Francis de Croisset

Francis de Croisset (French: [fʁɑ̃sis də kʁwasɛ]; born Franz Wiener, 28 January 1877 – 8 November 1937) was a Belgian-born French playwright and opera librettist.

Francis de Croisset
M. Francis de Croiset (i.e. Croisset). (Auteur dramatique) - (photographie, tirage de démonstration) - (Atelier Nadar).jpg
Photograph of de Croisset by Nadar
Born
Franz Wiener

(1877-01-28)28 January 1877
Brussels, Belgium
Died8 November 1937(1937-11-08) (aged 60)
Neuilly, France
Spouse(s)
Marie-Thérèse Bischoffsheim
(m. 1910; his death 1937)
Children2
RelativesPhilippe de Montebello
AwardsCroix de Guerre

Early lifeEdit

Born as Franz Wiener, he was educated in Brussels on 28 January 1877 into a prominent Jewish-Belgian family that was distinguished in diplomacy and the army.[1] His parents were Alexandre Jacques Wiener and Eugenie Bertha (née Straus) Wiener. After moving to France, where he spent most of his life, he had his name changed by Presidential decree.[1]

At age 17, he rebelled against his parents' wishes that he take up a military career, and ran away to Paris. In 1901, his play Chérubin was produced at the Comédie-Française where Cécile Sorel (later the Comtesse de Ségur) made her debut in it. Jules Massenet set Chérubin to music and, in 1905, Mary Garden sang its première at the Opéra de Monte-Carlo.[1]

CareerEdit

 
Mary Garden at the 1905 première of Chérubin

He was a lawyer by profession, but de Croisset gradually devoted more and more time to the theatre, "until play writing became his vocation."[1]

His opera librettos include Massenet's Chérubin (1905), based on his play of the same name, and Reynaldo Hahn's Ciboulette (1923).[2]

In 1919, de Croisset went to the United States to study film for the French government. By 1927, his name was attached to more than fifty plays. In 1925, he collaborated with Somerset Maugham on Dr. Miracle, which was produced in New York City.[1] Additional plays were produced in New York, including Pierre or Jack?.[3]

Military serviceEdit

Notwithstanding his aversion to a career in the military, upon the outbreak of World War I, he enlisted in the French Army as a private, serving for four years before mustering out as a Lieutenant. He was twice decorated for his gallantry, including being awarded the Croix de Guerre for his valor.[1]

Personal lifeEdit

In 1909, he was engaged to Mlle. Isola, the daughter of one of the directors of the Théâtre de la Gaîté. The engagement was broken off and, instead, he married wealthy widow Marie-Thérèse Bischoffsheim, in 1910. A daughter of Count and Countess Adhéaume de Chevigné, she was a descendant of the Marquis de Sade and her grandmother Laure de Sade was, in part, the inspiration for the character of the Duchess of Guermantes in Marcel Proust's Remembrance of Things Past).[4] From her first marriage to banking heir Maurice Bischoffsheim, she had a daughter, the arts patron Marie-Laure de Noailles (later the Vicomtesse de Noailles from her 1923 marriage to Charles, Vicomte de Noailles). Together, Marie-Thérèse and Francis were the parents of two children:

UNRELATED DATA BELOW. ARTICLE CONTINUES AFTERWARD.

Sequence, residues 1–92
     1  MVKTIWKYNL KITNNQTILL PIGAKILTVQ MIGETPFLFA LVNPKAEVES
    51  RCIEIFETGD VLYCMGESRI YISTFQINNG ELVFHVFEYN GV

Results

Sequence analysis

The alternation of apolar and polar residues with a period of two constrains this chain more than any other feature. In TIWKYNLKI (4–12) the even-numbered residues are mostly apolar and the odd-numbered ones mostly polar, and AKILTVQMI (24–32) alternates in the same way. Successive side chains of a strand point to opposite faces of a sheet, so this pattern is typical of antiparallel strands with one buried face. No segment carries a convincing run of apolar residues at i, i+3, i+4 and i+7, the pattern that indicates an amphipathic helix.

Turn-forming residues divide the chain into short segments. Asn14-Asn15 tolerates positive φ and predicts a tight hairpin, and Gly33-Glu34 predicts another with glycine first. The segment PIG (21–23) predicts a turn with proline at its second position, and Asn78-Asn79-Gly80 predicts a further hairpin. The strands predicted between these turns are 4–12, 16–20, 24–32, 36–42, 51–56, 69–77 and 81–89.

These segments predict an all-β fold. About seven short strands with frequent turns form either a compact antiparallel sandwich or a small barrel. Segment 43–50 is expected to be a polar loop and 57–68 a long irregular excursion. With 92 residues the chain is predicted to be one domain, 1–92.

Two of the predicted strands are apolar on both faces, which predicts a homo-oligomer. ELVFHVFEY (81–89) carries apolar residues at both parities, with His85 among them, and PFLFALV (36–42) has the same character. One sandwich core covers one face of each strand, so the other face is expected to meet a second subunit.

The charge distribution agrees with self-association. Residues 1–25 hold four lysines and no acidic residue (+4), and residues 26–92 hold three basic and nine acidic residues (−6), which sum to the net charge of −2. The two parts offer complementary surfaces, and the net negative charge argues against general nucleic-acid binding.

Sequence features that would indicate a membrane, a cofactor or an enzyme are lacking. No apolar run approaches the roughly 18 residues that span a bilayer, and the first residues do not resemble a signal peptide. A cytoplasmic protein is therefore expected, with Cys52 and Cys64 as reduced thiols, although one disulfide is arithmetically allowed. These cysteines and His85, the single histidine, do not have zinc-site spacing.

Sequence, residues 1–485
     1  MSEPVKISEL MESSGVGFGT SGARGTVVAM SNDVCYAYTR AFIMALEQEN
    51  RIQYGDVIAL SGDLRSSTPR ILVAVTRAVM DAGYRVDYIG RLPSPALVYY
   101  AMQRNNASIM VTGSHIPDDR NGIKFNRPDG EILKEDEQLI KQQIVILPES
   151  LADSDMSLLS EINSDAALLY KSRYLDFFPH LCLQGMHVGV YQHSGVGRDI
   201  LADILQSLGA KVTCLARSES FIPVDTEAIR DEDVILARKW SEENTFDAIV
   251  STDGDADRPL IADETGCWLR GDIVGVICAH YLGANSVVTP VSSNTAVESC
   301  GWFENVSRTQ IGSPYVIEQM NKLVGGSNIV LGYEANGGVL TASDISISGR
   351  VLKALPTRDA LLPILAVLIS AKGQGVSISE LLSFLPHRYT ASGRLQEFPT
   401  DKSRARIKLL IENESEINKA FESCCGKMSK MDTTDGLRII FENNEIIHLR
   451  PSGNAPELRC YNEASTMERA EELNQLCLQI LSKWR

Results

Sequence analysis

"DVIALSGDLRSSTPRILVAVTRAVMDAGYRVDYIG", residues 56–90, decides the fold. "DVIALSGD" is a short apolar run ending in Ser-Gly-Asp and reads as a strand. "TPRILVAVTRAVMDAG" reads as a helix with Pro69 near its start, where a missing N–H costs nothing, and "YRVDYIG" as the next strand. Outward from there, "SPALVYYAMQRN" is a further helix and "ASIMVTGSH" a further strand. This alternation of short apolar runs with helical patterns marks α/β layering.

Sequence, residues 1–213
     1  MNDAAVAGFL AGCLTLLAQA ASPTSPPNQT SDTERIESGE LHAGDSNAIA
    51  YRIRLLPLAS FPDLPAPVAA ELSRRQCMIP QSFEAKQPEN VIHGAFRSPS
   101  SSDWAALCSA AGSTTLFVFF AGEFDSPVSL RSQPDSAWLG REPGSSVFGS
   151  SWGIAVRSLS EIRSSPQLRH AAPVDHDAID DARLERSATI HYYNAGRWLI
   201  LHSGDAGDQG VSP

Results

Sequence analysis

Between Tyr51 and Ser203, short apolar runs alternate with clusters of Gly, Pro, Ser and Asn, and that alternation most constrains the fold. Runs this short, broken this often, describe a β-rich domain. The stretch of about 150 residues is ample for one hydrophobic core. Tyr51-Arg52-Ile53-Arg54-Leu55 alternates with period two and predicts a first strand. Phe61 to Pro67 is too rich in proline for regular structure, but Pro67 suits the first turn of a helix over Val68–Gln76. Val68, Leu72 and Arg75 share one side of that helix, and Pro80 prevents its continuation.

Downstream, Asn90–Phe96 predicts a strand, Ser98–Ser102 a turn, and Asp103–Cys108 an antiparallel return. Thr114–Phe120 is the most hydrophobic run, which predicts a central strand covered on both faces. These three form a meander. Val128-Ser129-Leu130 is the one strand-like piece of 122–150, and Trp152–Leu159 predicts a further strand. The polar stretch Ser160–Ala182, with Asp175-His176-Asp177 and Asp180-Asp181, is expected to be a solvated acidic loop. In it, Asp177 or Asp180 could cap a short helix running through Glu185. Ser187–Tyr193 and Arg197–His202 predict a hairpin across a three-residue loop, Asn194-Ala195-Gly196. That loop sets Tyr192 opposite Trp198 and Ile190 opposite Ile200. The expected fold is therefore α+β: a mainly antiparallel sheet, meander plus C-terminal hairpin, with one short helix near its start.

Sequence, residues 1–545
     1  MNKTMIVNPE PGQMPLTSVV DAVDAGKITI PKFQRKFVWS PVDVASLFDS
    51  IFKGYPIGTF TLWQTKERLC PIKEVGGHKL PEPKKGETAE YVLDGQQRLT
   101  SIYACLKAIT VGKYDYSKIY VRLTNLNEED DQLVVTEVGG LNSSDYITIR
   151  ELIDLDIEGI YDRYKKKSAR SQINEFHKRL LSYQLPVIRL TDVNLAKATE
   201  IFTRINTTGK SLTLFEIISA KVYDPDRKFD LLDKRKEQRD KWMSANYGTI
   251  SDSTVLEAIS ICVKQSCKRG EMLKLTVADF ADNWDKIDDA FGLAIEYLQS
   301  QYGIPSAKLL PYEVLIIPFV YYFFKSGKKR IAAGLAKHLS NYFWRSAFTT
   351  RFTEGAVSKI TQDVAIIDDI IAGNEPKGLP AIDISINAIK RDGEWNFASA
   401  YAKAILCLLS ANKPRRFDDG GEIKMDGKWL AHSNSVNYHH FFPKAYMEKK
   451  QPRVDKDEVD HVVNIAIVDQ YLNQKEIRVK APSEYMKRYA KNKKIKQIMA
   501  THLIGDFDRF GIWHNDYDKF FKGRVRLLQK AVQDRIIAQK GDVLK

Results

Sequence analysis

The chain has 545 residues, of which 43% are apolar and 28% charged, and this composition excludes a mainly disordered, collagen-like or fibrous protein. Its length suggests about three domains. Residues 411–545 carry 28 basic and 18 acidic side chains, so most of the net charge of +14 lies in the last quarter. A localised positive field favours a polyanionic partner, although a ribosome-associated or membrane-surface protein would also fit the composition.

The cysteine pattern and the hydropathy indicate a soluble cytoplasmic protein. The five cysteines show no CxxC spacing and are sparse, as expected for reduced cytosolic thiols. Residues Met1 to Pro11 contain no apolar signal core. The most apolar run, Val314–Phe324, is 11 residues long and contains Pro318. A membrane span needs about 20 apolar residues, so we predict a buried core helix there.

• Philippe de Croisset (1912–1965),[5] who married Ethel Woodward, a daughter of American banker William Woodward, in 1941.[6] After having two sons,[7][8] they divorced and Philippe married Jacqueline de la Chaume. After his death in 1965, she became the third wife of actor Yul Brynner.[9]
  • Germaine de Croisset (1913–1975), who married Marquis André Roger Lannes de Montebello (1908–1986), in 1933.

De Croisset died American Hospital at Neuilly on 8 November 1937.[1] His widow died in Grasse in October 1963.

DescendantsEdit

Through his son Philippe, he was a grandfather of two boys. One of which is Charles de Croisset, a French banker.[7][8] Though his daughter Germaine, he was a grandfather of four boys, including Georges de Montebello (1934–1996), an investment banker and president of the Swiss Helvetia Fund, and Philippe de Montebello (b. 1936), the Director of the Metropolitan Museum of Art in New York City from 1977 until 2008.[10]

FilmographyEdit

ReferencesEdit

  1. ^ a b c d e f g "DE CROISSET, NOTED AS A PLAYWRIGHT; Belgian Who Won Series of Successes in Paris Dies in Neuilly at Age of 60 HIS PLAYS PRODUCED HERE Ran Away From Home to Avoid Army Career--Honored for Valor in World War". The New York Times. 9 November 1937. Retrieved 23 June 2020.
  2. ^ Stanley Hochman; McGraw-Hill, inc (1984). McGraw-Hill Encyclopedia of World Drama: An International Reference Work in 5 Volumes. VNR AG. p. 565. ISBN 978-0-07-079169-5.
  3. ^ "GETS DE CROISSET COMEDY.; Gilbert Miller Has American Rights to "Pierre or Jack?"". The New York Times. 23 April 1931. Retrieved 23 June 2020.
  4. ^ TIMES, Special Cable to THE NEW YORK (20 March 1910). "DE CROISSET TO WED.; Playwright to Marry a Wealthy Widow of Paris". The New York Times. Retrieved 23 June 2020.
  5. ^ "DE CROISSET DIES; FRENCH PUBLISHER; War Hero, 53, Had Headed French Agency in N.Y." The New York Times. 24 March 1965. Retrieved 23 June 2020.
  6. ^ "Ethel Woodward, Daughter of Turfman, Becomes the Bride of Philippe de Croisset". The New York Times. 9 April 1941. Retrieved 23 June 2020.
  7. ^ a b "Son to Philippe de Croissets". The New York Times. 31 January 1942. Retrieved 23 June 2020.
  8. ^ a b "Son to Philippe de Croissets". The New York Times. 29 September 1943. Retrieved 23 June 2020.
  9. ^ "Yul Brynner Remarries". The New York Times. 26 September 1971. Retrieved 23 June 2020.
  10. ^ Gelder, Lawrence Van (12 December 1996). "G. de Montebello, Banker Who Started Fund, Is Dead at 62". The New York Times. Retrieved 23 June 2020.

External linksEdit